Do pick the right dog for your conditions, don’t rush things or let your heart rule your head when picking a puppy or selecting a dog for adoption.
Do give your puppy a name that is short and ensure that everyone uses it regularly, if only to attract the dog’s attention and as an introduction to a command.
Do set house rules in regard to where the dog is allowed to go (preferably no upstairs) and what it is not allowed to do. Make sure that everyone observes these rules.
Don’t let your dog do anything you don’t want them to do as adults. Do provide your dog a comfortable and warm bed placed in a quiet place.
Do make a big effort to habituate and socialize your dog when your first have it and as an ongoing task that it loses its innate fear of common circumstances, sounds, other dogs and people.
Do play games with your dog to exercise its mind and body. Be careful, however, about playing tug-of-war games, especially with dig bred s for guarding. Make sure that you win all the games if you are losing, call time out door change the rules. Remember, you are the ruler and your pet is your servant when playing.
Do use hand signals as well as verbal commands, but make sure not to use them inappropriately.
Do teach your dog that you want it to pay attention by clapping your hands gently and calling its name.
Don’t shout at your dog and never punish your dog if it is slow to come when asked.
Do leave your dog a “clue” like leaving radio on and going through a consistent routine when you intend to go out and leave your dog in the house.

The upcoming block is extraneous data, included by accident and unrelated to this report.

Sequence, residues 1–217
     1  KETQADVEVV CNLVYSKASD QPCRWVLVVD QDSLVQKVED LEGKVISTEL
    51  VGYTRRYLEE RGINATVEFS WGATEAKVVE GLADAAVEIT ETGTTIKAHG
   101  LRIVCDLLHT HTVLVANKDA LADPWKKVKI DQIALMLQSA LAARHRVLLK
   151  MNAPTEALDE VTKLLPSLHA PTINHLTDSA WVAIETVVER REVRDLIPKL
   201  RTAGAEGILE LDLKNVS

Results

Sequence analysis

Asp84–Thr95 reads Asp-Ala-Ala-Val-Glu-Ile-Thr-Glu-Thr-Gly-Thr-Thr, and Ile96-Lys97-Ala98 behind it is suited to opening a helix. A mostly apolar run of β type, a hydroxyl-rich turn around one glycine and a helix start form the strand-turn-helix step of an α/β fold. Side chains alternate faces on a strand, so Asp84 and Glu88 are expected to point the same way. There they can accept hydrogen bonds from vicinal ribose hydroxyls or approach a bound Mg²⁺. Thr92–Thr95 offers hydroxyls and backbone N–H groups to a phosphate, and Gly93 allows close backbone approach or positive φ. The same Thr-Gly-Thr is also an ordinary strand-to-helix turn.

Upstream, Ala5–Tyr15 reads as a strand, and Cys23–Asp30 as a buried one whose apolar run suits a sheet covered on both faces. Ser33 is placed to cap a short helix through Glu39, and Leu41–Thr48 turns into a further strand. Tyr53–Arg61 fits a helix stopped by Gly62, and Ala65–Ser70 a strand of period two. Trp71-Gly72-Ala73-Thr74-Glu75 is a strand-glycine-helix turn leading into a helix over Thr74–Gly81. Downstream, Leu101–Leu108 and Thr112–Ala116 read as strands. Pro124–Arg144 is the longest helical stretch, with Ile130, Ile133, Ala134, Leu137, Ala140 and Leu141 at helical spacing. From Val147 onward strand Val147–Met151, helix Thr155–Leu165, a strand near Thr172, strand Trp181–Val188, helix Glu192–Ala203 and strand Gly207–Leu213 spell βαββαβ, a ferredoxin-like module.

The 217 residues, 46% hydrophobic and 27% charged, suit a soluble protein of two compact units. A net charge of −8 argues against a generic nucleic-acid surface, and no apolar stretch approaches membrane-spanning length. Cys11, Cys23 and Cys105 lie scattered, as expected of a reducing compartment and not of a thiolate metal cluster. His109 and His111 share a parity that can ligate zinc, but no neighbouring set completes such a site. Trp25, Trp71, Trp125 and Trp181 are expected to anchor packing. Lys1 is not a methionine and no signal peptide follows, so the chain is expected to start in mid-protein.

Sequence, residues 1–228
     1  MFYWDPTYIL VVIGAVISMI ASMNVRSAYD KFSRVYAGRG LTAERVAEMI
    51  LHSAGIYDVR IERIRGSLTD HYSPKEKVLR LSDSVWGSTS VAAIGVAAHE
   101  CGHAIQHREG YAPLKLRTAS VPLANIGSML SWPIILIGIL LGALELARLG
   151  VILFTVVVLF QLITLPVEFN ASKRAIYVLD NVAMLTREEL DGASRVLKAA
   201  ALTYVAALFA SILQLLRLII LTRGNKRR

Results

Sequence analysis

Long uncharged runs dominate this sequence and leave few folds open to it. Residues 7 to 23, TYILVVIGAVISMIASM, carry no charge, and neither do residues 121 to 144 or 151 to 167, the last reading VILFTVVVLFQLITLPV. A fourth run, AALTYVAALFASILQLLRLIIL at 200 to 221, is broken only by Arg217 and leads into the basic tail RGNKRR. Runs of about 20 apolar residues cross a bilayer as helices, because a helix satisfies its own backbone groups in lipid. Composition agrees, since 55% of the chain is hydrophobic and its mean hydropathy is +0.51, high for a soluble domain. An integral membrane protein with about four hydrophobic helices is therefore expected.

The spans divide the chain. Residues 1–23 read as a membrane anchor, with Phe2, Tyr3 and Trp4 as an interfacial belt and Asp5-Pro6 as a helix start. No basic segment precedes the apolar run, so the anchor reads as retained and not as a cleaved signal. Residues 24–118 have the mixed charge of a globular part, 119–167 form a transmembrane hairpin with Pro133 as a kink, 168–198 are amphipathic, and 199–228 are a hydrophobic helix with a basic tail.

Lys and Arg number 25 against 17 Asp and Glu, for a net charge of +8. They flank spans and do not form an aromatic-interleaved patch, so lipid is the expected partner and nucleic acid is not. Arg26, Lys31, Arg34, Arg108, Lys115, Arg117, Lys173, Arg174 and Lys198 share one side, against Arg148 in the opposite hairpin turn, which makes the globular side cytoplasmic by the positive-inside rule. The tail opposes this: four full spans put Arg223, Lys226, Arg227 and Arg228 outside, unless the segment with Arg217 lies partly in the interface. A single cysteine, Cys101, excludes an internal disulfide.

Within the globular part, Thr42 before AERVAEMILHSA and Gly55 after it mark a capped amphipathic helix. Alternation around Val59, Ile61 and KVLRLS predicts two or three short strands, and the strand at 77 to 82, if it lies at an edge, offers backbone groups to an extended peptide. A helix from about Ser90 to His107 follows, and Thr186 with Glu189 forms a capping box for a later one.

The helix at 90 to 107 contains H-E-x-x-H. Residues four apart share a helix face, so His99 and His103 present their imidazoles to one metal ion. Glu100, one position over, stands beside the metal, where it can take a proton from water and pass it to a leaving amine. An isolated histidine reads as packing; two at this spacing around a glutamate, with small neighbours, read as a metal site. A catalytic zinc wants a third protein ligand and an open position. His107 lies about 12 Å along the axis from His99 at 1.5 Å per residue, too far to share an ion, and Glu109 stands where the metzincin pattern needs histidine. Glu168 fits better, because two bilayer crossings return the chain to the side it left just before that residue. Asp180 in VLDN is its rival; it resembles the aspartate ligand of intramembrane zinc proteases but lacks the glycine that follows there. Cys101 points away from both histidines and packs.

Don’t ever leave your dog in your car with children, no matter how well-behaved your dog is, and don’t leave it in the car with its leash attached to its collar, it could become caught up in gear lever or brake with potentially disastrous consequences.
Do teach your dog to be well-mannered and not to even think about biting, excessive barking jumping up at people, or being disobedient.
Do exercise your dog regularly and try to vary the walks you go on. Don’t make your dog work at training while on a walk.
Do think ahead and try to avoid possible conflict and situations where your dog might get it wrong. Better cross the road if an approaching dog looks like trouble.
Do teach your dog to eat only from its own food bowl and don’t let it guard it. Don’t give any tidbits while eating your own meal at the table.
Don’t give your dog more than two or three toys to chew. Never use old shoes and clothes as a chew objects. A 6–8-inch-long (15-20cm) hardwood stick stripped of its bark and about 3-4 inches (7-10cm) thick makes an ideal chew object.
Do try to make your dog into a happy subordinate, anxious to please but not a slave. Dog like to know the rules and where they stand.